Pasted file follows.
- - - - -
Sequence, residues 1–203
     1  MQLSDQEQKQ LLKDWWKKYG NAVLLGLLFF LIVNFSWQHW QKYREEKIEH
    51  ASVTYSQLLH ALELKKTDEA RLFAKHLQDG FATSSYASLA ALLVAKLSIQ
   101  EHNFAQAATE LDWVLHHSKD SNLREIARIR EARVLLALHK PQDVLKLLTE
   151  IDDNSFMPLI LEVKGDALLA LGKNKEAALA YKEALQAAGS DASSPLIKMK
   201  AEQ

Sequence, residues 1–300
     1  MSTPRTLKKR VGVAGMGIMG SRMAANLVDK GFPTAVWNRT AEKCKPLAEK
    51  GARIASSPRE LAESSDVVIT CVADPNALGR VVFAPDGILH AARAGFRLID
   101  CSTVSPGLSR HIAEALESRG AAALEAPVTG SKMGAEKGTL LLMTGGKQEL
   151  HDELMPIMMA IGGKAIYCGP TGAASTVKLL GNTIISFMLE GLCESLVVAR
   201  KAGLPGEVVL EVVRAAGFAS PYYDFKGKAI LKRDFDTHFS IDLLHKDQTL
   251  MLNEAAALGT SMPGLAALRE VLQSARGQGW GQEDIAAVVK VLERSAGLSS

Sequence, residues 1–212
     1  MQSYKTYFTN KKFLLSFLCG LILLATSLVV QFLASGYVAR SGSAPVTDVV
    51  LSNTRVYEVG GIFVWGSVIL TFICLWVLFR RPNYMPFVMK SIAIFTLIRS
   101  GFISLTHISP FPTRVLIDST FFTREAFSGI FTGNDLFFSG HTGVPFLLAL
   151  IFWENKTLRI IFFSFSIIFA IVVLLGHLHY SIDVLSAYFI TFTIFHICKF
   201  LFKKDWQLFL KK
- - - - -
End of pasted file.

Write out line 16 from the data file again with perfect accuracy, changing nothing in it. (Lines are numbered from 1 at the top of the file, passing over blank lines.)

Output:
    51  LSNTRVYEVG GIFVWGSVIL TFICLWVLFR RPNYMPFVMK SIAIFTLIRS